Loss of smell (anosmia) and changes in taste (dysgeusia) were strongly associated with SARS-CoV-2, according to a Canadian study published in CMAJ (Canadian Medical Association Journal) https://www.cmaj.ca/content/early/2020/05/27/cmaj.200869. (2020-05-27)

Physio support in COVID-19 recovery
New physiotherapy guidelines are targeting COVID-19 patient recovery for respiratory management, exercise and mobilisation in acute hospital wards and Intensive Care Units. The new guidelines published in Australian Journal of Physiotherapy aim to prevent complications of the respiratory system and muscle deconditioning, speed up recovery from mechanical ventilation, and improve long-term physical function and recovery. (2020-04-29)

Soil carbon and nitrogen mineralization after the initial flush of CO2
Healthy soil should have abundant nitrogen to supply plant growth needs, but it should not all be in the inorganic fraction. Rather, organic nitrogen is the preferred storage warehouse from which soil microorganisms can decompose and release inorganic nitrogen to soil and then to plants. This system avoids leaching and volatile losses of nitrogen. Historically, scientists have had difficulty predicting how much nitrogen is made available to plants by soil biological activity due to time and resource constraints. (2020-04-16)

Belle II yields first results in search of the Z' boson
The Belle II experiment started about one year ago. Physical Review Letters has now published the initial results of the detector. The work deals with a new particle in the context of dark matter, which accounts for about 25 percent of the universe. (2020-04-08)

Leaving its mark: How frailty impacts the blood
Fifteen blood metabolites are key for diagnosing the age-related disorder, frailty, new study finds. (2020-04-06)

Lung cancer surgery: Better survival probabilities with a higher case volume
In the surgical treatment of lung carcinoma, the more frequent performance of such interventions has a positive effect on treatment results -- the survival probabilities increase. (2020-04-02)

Study finds music therapy helps stroke patients
New research has found that music therapy sessions have a positive effect on the neurorehabilitation of acute stroke patients, as well as their mood. (2020-03-05)

Eating disorders linked to exercise addiction
New research shows that exercise addiction is nearly four times more common amongst people with an eating disorder. (2020-01-28)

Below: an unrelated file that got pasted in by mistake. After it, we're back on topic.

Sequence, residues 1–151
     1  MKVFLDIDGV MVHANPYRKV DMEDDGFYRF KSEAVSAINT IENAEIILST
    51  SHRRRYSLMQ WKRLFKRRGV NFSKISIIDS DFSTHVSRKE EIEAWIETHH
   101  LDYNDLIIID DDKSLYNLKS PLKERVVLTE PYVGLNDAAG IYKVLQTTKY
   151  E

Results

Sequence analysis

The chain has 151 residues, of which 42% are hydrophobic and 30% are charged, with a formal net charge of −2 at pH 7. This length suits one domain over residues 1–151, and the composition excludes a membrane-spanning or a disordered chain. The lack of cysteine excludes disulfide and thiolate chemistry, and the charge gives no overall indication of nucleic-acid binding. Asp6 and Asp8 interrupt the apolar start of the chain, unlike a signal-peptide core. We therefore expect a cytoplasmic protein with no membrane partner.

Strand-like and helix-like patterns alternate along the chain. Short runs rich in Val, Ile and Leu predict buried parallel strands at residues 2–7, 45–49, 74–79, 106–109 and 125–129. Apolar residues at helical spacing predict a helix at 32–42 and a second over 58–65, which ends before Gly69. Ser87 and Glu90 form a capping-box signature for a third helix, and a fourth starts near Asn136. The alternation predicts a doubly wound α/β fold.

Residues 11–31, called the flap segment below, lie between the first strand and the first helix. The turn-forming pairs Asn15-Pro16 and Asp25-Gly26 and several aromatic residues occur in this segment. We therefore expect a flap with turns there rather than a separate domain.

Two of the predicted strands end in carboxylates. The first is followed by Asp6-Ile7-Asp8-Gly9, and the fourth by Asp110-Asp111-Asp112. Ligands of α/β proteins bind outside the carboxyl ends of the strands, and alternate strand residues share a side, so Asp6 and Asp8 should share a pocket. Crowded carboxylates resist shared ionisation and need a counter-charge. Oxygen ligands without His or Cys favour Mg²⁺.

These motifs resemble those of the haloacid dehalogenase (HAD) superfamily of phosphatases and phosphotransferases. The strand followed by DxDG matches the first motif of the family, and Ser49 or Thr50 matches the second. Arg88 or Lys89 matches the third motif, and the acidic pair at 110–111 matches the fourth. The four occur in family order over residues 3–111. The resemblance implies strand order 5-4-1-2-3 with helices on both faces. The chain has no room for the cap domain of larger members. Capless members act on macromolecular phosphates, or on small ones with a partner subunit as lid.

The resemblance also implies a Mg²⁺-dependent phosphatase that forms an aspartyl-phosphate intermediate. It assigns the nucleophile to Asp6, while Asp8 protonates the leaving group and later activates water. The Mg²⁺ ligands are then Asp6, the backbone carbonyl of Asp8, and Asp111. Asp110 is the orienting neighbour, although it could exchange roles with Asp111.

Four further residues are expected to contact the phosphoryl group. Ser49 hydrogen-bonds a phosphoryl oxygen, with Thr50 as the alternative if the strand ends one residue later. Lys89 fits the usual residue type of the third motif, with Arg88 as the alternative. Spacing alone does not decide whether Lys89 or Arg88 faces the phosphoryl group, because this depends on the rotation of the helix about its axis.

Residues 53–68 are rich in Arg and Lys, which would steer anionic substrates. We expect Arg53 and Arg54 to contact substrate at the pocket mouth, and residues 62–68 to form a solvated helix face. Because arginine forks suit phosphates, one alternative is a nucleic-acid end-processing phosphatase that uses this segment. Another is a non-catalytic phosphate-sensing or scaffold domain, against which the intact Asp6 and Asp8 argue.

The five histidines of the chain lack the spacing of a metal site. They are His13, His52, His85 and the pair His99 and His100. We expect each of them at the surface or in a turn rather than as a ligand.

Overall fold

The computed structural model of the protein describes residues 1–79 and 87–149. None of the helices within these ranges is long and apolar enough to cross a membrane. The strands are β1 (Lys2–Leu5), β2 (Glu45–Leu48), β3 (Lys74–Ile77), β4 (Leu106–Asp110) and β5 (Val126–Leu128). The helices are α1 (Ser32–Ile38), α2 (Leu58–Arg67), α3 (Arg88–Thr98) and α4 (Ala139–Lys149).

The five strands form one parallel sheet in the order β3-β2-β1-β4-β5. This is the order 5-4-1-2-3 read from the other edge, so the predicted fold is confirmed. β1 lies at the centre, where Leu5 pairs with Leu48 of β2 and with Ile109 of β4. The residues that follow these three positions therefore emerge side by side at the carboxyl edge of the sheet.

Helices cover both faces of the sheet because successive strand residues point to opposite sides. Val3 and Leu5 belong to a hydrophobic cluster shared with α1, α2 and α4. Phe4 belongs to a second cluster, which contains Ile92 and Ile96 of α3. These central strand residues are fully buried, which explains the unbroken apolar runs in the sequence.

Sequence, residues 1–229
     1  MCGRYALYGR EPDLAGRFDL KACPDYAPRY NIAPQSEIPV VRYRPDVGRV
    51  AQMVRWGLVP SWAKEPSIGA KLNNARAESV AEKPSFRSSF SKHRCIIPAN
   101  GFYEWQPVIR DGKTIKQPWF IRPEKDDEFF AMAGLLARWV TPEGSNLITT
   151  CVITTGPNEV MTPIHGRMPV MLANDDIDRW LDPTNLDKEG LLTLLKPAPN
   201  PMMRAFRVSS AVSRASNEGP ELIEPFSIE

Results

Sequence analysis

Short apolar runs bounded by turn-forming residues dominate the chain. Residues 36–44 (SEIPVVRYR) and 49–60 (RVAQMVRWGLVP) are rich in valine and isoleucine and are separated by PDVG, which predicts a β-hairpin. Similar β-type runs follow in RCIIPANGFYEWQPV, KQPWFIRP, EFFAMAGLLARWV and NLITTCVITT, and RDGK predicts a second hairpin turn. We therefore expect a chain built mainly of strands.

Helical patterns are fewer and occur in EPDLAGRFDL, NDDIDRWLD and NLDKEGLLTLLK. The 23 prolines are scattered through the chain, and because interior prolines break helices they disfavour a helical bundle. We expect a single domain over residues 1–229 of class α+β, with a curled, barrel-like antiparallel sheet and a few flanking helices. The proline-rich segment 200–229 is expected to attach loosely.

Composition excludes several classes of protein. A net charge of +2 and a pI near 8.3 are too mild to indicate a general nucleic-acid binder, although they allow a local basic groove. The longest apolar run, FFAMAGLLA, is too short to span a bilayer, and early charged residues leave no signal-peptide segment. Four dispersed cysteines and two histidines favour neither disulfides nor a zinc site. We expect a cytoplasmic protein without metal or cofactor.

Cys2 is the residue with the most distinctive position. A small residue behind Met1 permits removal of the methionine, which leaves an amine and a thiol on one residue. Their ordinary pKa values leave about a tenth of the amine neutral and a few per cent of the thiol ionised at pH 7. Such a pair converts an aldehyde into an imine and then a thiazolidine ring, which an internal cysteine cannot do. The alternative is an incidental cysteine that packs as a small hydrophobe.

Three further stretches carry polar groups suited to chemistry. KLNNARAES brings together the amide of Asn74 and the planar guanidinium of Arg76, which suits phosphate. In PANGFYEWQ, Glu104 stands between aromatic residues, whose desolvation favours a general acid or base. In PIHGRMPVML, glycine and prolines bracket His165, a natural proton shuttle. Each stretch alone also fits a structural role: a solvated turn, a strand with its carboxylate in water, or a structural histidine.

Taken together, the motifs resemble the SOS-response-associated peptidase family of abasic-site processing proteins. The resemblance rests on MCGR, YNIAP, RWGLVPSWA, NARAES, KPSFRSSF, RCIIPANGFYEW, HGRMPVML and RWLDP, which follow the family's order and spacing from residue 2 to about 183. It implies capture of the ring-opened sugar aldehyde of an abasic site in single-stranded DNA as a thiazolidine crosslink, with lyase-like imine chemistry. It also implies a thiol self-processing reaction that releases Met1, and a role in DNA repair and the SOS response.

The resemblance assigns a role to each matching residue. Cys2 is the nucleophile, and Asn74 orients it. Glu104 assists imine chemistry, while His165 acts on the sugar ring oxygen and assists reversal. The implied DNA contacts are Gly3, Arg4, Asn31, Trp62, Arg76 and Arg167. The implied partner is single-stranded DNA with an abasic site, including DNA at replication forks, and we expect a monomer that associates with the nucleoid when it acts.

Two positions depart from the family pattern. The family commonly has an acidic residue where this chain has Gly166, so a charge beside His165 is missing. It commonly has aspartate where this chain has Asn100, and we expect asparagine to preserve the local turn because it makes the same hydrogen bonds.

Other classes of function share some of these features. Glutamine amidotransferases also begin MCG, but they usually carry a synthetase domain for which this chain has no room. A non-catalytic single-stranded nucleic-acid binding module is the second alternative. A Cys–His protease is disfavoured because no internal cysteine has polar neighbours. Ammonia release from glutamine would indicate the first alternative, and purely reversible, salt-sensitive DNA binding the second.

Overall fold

Research shows nasal spray antidote is easiest to give for opioid overdose
Of three possible ways for people to deliver the life-saving antidote naloxone to a person experiencing an opioid overdose, the use of a nasal spray was the quickest and easiest according to research conducted by William Eggleston, clinical assistant professor at Binghamton University, State University of New York, and colleagues at SUNY Upstate Medical University. (2020-01-10)

Outpatient antibiotic prescriptions written without documented reason 18% of the time
A study of outpatient visits to health care providers in the United States during a one-year period suggests 18 percent of antibiotic prescriptions were written without a documented reason for doing so. (2019-12-12)

Up to two-fifths of antibiotic prescriptions in the US could be inappropriate
As much as two fifths (43%) of antibiotic prescriptions in the United States could be inappropriate, warn researchers in a study published by The BMJ today. (2019-12-11)

Concerns over regulation of oral powders or gels sold as medical devices in Europe
Oral powders or gels, sold as medical devices in the European Union (EU), aren't regulated to the same safety standards as those applied to medicines, reveals research published online in the Archives of Disease in Childhood. (2019-12-03)

A quarter of cancer patients experience avoidable delay to diagnosis
One in four cancer patients experienced a delay to their diagnosis that could have been avoided, according to a new study by Cancer Research UK. (2019-12-03)

Clearing damaged cells out of the body helps heal diabetics' blood vessels
Research published today in Experimental Physiology shows that ramping up one of the body's waste disposal system, called autophagy, helps heal the blood vessels of diabetics. (2019-11-17)

Volcanoes under pressure
When will the next eruption take place? Examination of samples from Indonesia's Mount Merapi show that the explosivity of stratovolcanoes rises when mineral-rich gases seal the pores and microcracks in the uppermost layers of stone. These findings result in new possibilities for the prediction of an eruption. (2019-11-15)

Blood test for deadly eye melanoma
A simple blood test could soon become the latest monitoring tool for the early detection of melanoma in the eye. (2019-11-14)